Please read this interview with former Marine and Yale Law graduate J.D. Vance, the author of “Hillbilly Elegy: A Memoir of a Family and Culture in Crisis”. I’ve heard bits of these things said by others, but nothing I’ve read thus far puts it together as well as this interview does.
The two political parties have offered essentially nothing to these people for a few decades. From the Left, they get some smug condescension, an exasperation that the white working class votes against their economic interests because of social issues, a la Thomas Frank (more on that below). Maybe they get a few handouts, but many don’t want handouts to begin with.
From the Right, they’ve gotten the basic Republican policy platform of tax cuts, free trade, deregulation, and paeans to the noble businessman and economic growth. Whatever the merits of better tax policy and growth (and I believe there are many), the simple fact is that these policies have done little to address a very real social crisis. More importantly, these policies are culturally tone deaf: nobody from southern Ohio wants to hear about the nobility of the factory owner who just fired their brother.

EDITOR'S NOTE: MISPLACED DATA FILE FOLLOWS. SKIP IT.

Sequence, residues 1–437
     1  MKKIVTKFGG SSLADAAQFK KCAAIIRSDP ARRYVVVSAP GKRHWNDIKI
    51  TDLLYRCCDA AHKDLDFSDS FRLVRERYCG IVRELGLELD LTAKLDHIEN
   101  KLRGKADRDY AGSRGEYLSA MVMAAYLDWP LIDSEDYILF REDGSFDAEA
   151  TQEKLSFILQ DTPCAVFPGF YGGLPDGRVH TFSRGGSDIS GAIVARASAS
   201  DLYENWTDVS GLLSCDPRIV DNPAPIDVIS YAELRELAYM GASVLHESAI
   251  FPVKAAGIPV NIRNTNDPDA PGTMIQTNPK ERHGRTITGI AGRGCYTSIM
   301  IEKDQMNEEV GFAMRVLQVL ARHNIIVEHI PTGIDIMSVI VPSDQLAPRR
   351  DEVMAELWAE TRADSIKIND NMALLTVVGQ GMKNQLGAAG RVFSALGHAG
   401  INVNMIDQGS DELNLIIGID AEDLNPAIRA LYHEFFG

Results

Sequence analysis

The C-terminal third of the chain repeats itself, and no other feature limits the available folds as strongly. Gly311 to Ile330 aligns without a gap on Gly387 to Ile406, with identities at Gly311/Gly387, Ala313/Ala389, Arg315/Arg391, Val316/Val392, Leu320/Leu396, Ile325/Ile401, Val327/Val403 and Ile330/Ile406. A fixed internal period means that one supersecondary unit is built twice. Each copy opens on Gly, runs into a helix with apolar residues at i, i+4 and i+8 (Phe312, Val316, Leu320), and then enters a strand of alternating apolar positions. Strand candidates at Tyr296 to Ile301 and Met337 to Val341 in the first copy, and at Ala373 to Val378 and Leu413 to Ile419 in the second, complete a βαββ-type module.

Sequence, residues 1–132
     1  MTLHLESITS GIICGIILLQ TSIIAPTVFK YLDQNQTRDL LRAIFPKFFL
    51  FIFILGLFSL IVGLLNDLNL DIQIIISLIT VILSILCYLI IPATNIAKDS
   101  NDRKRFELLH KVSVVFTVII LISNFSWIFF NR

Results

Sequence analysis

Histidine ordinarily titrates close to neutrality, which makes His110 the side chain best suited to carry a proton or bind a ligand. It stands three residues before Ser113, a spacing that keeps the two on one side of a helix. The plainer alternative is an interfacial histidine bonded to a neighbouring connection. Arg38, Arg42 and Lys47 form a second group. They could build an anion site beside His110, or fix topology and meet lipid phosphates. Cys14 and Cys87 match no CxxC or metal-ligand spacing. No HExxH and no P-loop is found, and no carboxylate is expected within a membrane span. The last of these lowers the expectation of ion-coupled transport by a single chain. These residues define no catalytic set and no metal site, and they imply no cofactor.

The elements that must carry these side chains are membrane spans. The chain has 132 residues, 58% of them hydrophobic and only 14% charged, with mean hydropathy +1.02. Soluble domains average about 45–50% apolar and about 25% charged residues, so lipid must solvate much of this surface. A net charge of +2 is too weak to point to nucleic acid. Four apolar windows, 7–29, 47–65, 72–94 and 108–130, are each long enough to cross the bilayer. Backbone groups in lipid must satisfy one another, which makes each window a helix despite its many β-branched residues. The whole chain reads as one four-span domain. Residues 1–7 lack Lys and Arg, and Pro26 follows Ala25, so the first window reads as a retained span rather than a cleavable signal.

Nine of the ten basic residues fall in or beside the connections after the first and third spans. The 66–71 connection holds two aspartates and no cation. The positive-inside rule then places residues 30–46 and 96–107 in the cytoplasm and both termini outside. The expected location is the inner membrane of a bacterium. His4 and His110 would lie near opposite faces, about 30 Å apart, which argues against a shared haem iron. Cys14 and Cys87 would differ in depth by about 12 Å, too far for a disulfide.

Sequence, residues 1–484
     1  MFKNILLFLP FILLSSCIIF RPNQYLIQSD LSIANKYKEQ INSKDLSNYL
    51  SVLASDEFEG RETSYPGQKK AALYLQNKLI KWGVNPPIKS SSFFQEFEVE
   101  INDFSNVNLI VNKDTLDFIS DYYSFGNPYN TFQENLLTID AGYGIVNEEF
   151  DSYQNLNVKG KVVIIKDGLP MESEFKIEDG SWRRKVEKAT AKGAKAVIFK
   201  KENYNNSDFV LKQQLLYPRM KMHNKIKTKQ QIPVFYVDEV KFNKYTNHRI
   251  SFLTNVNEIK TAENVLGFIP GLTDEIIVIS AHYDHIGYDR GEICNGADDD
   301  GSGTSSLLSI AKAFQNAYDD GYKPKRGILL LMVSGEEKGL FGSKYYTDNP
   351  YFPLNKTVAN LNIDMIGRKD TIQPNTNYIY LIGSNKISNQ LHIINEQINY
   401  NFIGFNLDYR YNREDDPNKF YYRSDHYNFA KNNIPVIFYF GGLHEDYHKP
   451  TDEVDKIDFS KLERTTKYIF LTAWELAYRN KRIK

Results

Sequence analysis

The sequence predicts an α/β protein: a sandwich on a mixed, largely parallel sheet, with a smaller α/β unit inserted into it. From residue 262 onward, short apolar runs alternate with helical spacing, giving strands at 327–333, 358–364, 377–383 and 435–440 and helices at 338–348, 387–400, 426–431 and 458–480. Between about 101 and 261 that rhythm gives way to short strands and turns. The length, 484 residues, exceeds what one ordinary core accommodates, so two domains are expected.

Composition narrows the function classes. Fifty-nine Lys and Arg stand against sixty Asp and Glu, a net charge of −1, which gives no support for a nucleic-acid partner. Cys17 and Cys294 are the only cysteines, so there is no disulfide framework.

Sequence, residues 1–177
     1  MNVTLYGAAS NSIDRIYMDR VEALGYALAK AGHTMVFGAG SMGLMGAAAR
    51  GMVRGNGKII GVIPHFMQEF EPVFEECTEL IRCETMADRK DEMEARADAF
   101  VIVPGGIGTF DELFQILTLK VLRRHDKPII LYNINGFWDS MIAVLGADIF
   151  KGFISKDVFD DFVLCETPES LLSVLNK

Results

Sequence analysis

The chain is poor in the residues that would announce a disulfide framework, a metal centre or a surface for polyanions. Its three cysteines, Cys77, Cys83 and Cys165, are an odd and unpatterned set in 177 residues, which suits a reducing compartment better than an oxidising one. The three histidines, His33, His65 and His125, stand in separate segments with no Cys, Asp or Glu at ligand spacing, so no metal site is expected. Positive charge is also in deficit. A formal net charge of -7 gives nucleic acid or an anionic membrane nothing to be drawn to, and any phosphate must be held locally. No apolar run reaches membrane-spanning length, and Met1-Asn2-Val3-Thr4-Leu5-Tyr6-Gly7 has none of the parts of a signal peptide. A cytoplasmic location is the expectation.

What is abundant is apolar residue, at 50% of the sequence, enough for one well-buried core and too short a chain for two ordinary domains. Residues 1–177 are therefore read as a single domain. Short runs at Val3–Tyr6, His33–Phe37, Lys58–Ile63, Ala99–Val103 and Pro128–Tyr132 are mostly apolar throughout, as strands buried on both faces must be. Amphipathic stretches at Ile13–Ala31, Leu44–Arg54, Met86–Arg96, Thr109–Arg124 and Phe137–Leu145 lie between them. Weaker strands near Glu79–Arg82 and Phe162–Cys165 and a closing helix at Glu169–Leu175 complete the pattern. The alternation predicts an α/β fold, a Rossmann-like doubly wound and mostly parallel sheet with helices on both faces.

Trump’s candidacy is music to their ears.
The elite’s condescension comes from both cultural disconnect and the fact that it is “safe” to look down on poor whites without violating elite white social norms against racism and xenophobia.
A lot of it is pure disconnect–many elites just don’t know a member of the white working class. A professor once told me that Yale Law shouldn’t accept students who attended state universities for their undergraduate studies. (A bit of background: Yale Law takes well over half of its student body from very elite private schools.) “We don’t do remedial education here,” he said. Keep in mind that this guy was very progressive and cared a lot about income inequality and opportunity. But he just didn’t realize that for a kid like me, Ohio State was my only chance–the one opportunity I had to do well in a good school. If you removed that path from my life, there was nothing else to give me a shot at Yale. When I explained that to him, he was actually really receptive. He may have even changed his mind.
Vance, a political conservative, was also asked for advice for liberals. One bit stood out to me, and is something that I personally want to work on:
Liberals have to get more comfortable with dealing with the poor as they actually are. I admire their refusal to look down on the least among us, but at some level, that can become an excuse to never really look at the problem at all.
It’s hard to look at a culture of which I am not part and say “you know what, this part of the culture is fucked up and is holding you back” and not feel like a total asshole. And sometimes people who talk like that are total assholes, and are coming from a place of condescension. But not always, and ignoring the real problems faced by people makes it impossible to address those problems.
Again, read the whole thing. I’ve already bought the book, and it’s next in my queue.